26. A critical data display application program resident in at least one computer for generating and displaying at least one critical data display comprising the functionality of:
entry of incident data;
user access code verification;
access to route and site-specific data corresponding to the incident data;
access to data supplied by at least one receiver; and
automatic generation and display of at least one critical data display.
This is the Regular U.S. Patent Application of prior Provisional Patent Application Ser. No. 60/858,910 filed Nov. 13, 2006 by the same inventors, entitled “Emergency Response Route Data System”, the priority of which is hereby claimed under 35 USC 119(e), 120, and the disclosure of which is hereby incorporated by reference in its entirety.
This invention relates generally to the field of emergency response and in particular to an integrated GIS and GPS-based system to meet the unique challenges of first responders in rural areas by providing those responders with critical route and site specific information, including site-specific information past the public/private intersection.
Rural Fire and Emergency Medical Service (“EMS”) Districts face unique challenges based on their large area and the lack of funds and specialized equipment compared to urban fire districts. Rural fire districts respond to emergency events in remote areas, and the emergency vehicles often travel over lengthy private roads and/or private driveways. Rural fire districts also suffer from lack of sufficient information for “pre-fire” plans, a term used to describe information about a road, structure or home site, which the districts maintain in advance of an emergency event.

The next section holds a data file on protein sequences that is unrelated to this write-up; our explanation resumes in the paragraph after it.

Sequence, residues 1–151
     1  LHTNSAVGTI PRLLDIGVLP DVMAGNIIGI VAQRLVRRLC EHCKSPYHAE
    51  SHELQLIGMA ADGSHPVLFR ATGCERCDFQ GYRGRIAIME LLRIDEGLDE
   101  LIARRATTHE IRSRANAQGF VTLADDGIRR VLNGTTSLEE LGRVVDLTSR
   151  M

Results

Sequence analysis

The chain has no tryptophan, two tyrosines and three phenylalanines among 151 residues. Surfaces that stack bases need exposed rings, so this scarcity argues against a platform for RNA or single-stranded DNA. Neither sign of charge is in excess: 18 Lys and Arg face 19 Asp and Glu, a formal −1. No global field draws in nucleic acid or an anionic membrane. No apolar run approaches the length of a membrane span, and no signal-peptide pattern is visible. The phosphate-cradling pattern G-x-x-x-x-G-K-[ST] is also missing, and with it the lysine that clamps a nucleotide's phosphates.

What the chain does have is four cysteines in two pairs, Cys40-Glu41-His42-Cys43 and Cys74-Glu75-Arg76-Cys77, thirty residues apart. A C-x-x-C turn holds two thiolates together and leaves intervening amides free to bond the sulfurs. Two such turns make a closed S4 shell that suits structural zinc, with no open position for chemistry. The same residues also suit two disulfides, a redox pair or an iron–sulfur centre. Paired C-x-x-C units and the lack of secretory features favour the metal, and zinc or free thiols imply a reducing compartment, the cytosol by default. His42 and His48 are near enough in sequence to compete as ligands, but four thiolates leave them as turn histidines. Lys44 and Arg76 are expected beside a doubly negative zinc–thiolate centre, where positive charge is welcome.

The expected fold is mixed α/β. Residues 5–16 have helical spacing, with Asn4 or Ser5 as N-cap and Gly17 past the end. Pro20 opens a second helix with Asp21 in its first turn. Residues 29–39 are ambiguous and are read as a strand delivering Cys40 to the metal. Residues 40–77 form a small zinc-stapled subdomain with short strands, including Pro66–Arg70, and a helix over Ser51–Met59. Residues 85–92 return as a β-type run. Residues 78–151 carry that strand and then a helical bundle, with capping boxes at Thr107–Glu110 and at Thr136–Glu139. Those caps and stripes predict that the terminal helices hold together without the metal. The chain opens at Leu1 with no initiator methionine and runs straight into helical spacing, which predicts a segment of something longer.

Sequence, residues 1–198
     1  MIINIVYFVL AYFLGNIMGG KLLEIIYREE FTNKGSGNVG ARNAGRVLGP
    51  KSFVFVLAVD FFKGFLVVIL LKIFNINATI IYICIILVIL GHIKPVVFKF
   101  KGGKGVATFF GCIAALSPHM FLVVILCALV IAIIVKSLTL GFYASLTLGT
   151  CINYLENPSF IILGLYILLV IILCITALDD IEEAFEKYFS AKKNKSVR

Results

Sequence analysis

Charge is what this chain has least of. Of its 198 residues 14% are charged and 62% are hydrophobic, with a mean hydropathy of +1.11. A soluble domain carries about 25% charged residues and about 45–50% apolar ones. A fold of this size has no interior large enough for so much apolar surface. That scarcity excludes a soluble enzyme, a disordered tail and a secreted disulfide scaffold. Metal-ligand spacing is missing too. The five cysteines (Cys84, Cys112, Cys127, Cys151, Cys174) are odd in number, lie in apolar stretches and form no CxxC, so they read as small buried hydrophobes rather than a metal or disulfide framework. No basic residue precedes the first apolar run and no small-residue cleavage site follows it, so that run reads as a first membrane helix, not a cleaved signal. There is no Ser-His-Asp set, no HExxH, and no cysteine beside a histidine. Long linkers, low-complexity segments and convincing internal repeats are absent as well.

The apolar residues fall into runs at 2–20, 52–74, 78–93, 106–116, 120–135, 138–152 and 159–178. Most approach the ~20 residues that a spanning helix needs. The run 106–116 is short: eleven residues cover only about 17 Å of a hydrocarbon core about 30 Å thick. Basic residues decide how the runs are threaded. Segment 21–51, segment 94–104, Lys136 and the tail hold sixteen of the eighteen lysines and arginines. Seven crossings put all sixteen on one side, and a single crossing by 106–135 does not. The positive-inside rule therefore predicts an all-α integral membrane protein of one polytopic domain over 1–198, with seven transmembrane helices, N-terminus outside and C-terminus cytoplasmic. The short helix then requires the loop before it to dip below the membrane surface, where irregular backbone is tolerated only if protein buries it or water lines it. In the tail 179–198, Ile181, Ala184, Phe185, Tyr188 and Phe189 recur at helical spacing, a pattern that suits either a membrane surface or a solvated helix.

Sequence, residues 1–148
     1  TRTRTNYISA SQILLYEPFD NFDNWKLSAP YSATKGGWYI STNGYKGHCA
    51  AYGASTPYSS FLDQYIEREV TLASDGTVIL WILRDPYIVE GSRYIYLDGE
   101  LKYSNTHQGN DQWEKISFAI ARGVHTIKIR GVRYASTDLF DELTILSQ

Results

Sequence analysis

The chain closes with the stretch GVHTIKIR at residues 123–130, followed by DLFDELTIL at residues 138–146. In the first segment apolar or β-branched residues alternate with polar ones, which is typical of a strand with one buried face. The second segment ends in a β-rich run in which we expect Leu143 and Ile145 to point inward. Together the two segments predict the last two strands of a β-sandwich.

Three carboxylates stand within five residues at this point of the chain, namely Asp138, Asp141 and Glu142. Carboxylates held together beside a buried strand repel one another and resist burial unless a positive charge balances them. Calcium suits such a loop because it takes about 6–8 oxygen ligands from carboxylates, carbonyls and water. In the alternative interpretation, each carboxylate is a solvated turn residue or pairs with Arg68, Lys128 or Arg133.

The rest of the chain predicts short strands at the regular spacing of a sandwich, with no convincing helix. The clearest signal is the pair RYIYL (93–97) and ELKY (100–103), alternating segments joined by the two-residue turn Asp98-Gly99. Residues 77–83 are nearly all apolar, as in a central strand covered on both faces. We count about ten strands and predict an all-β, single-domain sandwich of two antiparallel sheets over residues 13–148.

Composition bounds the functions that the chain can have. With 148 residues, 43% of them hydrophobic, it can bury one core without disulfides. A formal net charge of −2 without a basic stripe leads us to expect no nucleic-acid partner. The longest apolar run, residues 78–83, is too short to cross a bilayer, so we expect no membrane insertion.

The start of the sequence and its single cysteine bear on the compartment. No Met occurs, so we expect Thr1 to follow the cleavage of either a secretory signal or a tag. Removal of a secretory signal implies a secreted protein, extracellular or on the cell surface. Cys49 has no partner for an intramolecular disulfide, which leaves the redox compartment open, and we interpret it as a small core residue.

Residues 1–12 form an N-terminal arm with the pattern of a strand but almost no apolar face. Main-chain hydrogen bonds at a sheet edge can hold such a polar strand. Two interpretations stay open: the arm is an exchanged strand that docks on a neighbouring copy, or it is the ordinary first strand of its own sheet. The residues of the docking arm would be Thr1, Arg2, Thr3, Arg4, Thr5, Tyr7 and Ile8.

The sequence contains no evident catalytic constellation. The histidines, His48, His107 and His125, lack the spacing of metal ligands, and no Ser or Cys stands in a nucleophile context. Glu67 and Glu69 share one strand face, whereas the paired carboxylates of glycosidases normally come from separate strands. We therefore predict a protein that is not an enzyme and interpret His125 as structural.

Response team commanders need as much pre-fire information as possible. The commanders, such as a Fire Chief, are responsible for making critical decisions as quickly as possible about how to address the emergency “on the fly” as the responders are traveling to the emergency site. These critical decisions include: 1) deployment decisions; 2) equipment position decisions to maximize functionality onsite; 3) crew position decisions for containment and rescue efforts; 4) water access decisions, i.e., whether and how an engine can access available water sources; and, 5) how to address/contain hazards at the site or in the course of reaching the site that would hinder rescue efforts.